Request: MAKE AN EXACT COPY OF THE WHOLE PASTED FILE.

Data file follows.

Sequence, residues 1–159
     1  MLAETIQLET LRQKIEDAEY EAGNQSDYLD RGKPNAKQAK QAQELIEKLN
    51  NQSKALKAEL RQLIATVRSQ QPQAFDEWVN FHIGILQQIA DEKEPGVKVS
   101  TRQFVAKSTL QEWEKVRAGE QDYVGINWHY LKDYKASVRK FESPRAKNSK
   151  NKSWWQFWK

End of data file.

Sequence, residues 1–159
     1  MLAETIQLET LRQKIEDAEY EAGNQSDYLD RGKPNAKQAK QAQELIEKLN
    51  NQSKALKAEL RQLIATVRSQ QPQAFDEWVN FHIGILQQIA DEKEPGVKVS
   101  TRQFVAKSTL QEWEKVRAGE QDYVGINWHY LKDYKASVRK FESPRAKNSK
   151  NKSWWQFWK